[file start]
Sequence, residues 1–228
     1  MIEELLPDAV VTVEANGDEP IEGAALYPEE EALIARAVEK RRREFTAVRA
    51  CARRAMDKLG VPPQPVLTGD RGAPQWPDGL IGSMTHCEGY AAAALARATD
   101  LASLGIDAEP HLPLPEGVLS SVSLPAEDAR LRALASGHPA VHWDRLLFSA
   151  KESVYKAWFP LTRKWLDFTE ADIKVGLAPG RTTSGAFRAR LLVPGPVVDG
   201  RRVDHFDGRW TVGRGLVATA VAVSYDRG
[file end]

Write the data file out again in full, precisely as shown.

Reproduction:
Sequence, residues 1–228
     1  MIEELLPDAV VTVEANGDEP IEGAALYPEE EALIARAVEK RRREFTAVRA
    51  CARRAMDKLG VPPQPVLTGD RGAPQWPDGL IGSMTHCEGY AAAALARATD
   101  LASLGIDAEP HLPLPEGVLS SVSLPAEDAR LRALASGHPA VHWDRLLFSA
   151  KESVYKAWFP LTRKWLDFTE ADIKVGLAPG RTTSGAFRAR LLVPGPVVDG
   201  RRVDHFDGRW TVGRGLVATA VAVSYDRG